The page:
This asteroid sample could reveal the origin story of our solar system

It was the first material to be returned to Earth from a carbon-rich asteroid. These asteroids can reveal how our cosmic corner of the universe formed.

The organic and hydrated minerals locked in these asteroids could also shed light on the origin of the building blocks of life.

Ryugu is a dark, diamond-shaped asteroid that is about 1 kilometer wide. Hayabusa2 collected a sample of the asteroid’s surface on February 22, 2019, then fired a copper “bullet” into the asteroid to create a 33-foot-wide impact crater.

A sample was taken from this crater on July 11, 2019. Then, Hayabusa2 flew over Earth and dropped the sample in Australia last December.

The C-type, or carbonaceous, asteroid is much darker than scientists originally thought, reflecting only about 2% of the light that strikes it, according to a study published Monday in the journal Nature Astronomy.

After opening the sample, scientists were surprised to find that the spacecraft had collected 5.4 grams from the asteroid, far more than the mere gram they expected, said Toru Yada, lead author of the asteroid. study and associate principal investigator at the Institute of Japan Aerospace Exploration Agency Space and Astronautical Sciences.

In the second study, also published Monday in Nature Astronomy, researchers determined that Ryugu is made up of clay and other hydrated minerals, with a number of carbonates and organics inside the sample.

These results are the first to be published on the Ryugu sample.

Ryugu appears similar to the rare carbonaceous chondrites, primitive meteorites rich in organic matter. There are approximately 65,000 known meteorites on Earth, according to the Natural History Museum in London. Only 1,206 were seen falling, and of these, only 51 are carbonaceous chondrites.

But Ryugu is darker, more porous, and more brittle than expected compared to carbonaceous chondrites. The density of the samples is also much lower than that of any other meteorite studied. Ryugu’s low density aligns with the idea that the asteroid is a small pile of rubble of fragments held together by gravity.

Hayabusa2 mission confirms return of asteroid sample, including gas, to Earth

These samples helped researchers confirm detections made while Hayabusa2 was near Ryugu.

“Some of these material properties are close to those of the carbonaceous chondrites that we have in our collections, while others were clearly distinct, which is quite exciting,” said Cédric Pilorget, lead author of the second study and associate professor. at the University of Paris -Institut d’Astrophysique Spatiale de Saclay in France.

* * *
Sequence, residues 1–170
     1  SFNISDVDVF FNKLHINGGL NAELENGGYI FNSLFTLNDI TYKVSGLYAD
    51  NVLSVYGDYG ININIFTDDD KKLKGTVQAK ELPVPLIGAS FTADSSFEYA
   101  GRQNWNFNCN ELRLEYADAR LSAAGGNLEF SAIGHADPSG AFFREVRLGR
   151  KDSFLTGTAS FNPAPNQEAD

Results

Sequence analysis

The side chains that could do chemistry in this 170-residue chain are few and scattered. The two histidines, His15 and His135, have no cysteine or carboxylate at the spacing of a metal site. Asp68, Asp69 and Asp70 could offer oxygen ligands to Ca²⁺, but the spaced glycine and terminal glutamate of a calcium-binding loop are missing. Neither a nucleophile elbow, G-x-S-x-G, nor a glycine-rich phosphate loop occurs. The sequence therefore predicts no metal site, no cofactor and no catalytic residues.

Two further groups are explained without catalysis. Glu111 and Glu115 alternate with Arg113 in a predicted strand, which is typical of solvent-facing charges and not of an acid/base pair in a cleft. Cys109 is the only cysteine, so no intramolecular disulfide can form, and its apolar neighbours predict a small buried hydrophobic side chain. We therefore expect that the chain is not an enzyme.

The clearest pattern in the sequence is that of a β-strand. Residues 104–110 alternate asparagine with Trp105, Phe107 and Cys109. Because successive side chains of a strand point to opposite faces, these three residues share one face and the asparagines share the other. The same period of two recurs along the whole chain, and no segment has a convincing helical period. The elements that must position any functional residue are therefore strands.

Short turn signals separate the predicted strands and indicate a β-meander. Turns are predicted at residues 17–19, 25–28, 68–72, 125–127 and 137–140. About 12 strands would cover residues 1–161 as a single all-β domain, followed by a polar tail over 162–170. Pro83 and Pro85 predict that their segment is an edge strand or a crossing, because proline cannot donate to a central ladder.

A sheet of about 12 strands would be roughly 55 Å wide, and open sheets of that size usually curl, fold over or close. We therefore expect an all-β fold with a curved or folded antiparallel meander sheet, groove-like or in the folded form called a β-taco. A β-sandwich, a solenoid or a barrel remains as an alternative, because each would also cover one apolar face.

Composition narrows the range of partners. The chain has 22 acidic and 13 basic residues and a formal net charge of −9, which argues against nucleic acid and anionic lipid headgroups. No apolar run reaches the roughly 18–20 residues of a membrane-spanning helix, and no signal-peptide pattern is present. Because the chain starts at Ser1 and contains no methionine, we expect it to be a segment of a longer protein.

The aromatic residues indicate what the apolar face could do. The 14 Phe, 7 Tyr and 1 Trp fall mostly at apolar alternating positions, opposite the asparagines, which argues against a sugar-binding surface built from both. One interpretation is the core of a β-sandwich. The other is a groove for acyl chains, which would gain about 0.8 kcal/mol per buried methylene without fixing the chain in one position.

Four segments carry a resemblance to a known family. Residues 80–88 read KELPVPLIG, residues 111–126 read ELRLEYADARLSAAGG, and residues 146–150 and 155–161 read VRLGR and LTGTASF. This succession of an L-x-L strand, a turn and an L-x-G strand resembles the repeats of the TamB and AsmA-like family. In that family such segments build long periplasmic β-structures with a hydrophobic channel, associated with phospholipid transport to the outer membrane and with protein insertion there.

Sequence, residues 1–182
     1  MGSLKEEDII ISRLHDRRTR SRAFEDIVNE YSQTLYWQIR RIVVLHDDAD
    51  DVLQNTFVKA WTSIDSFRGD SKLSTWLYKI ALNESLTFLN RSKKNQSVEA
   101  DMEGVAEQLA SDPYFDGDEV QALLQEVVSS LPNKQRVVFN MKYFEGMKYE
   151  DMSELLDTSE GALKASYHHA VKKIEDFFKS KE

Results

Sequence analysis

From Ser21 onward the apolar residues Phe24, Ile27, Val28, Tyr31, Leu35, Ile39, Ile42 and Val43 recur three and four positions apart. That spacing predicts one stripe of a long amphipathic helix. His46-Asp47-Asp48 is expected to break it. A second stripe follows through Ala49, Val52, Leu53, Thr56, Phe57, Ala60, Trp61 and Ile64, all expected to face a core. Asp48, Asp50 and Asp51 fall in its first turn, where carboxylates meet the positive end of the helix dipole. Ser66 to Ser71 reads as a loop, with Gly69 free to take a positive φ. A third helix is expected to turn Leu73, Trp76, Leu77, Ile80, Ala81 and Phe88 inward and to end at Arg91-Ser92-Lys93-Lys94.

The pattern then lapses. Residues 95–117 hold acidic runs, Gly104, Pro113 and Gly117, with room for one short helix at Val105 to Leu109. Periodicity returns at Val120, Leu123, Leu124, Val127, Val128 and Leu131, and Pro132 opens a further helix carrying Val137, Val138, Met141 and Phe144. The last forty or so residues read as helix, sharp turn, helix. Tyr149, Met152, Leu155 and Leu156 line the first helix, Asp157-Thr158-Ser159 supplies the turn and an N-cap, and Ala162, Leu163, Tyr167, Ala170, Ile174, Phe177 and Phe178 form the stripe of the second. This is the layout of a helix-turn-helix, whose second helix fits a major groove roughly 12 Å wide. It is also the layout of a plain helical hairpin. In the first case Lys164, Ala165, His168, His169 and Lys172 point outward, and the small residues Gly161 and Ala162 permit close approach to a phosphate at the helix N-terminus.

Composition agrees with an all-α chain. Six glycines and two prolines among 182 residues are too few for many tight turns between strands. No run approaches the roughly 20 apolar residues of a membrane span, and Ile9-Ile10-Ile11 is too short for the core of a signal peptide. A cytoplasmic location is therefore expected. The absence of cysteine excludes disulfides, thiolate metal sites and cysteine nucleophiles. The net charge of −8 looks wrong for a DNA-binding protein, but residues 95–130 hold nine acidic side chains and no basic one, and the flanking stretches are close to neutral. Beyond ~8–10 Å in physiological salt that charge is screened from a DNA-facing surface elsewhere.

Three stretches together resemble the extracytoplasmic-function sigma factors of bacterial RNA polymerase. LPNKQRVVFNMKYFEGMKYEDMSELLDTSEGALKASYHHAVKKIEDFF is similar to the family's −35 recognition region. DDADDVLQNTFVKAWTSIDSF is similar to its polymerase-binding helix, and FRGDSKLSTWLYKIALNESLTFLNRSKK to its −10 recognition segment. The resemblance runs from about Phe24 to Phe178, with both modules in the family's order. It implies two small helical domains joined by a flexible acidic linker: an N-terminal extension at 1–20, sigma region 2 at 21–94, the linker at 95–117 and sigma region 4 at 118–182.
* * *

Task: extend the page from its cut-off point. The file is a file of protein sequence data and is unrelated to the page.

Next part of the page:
“These samples therefore constitute a particularly valuable collection, which can help to revisit the paradigms of the origin and evolution of our solar system.”

Asteroid samples like Ryugu offer researchers a rare opportunity to directly study the remains of the origin of the solar system and its planets. This is because they were not contaminated by falling into Earth’s atmosphere and landing on its surface, like meteorites.

This pristine view of the origin and evolution of organic matter represents the most primordial material available in terrestrial laboratories to date, the researchers said.

“As a member of the mission team, I felt so happy to manipulate and analyze the first C-type asteroid samples with my hands,” Yada said.

“It was (and still is!) An amazing experience,” Pilorget said via email. “The teamwork and international collaboration are truly exemplary and I am really happy and proud to be part of this great mission.”

What scientists learned after firing a small cannonball at a near-Earth asteroid

Some of the samples have been shared with other research teams and more discoveries on Ryugu are expected soon, Yada said.

Samples from Bennu, an asteroid that may share similarities with Ryugu, are currently en route to Earth after NASA’s OSIRIS-REx mission collected them in October 2020. The samples will return to Earth in September 2023.

“We would like to compare samples from Ryugu with samples from Bennu to see what is similar and what is different between them,” Yada said.

Patrick Michel, research director at the National Center for Scientific Research in Paris, is a researcher for both missions. Although he did not participate in this research, he considers these first results to be historical “because they give the very first results of the preliminary analysis of samples from a carbonaceous asteroid”.

2 different asteroids visited by spaceships may have been part of a larger asteroid before

Asteroid samples like these offer a different take on space rocks.

“Our collection is geared towards the most powerful component of asteroids that can survive entry into the atmosphere,” said Michel. “We have to get to the asteroids and send back samples to get to the weakest and possibly the most primitive component of those bodies.”

Previous research has suggested that Ryugu and Bennu are fragments of a once much larger celestial body that has been touched by something.

“The possibility that the two bodies have a common origin, or that their parent bodies come from the same region is still valid,” said Michel. “We can check if they have a common history or figure out what is different and why.”


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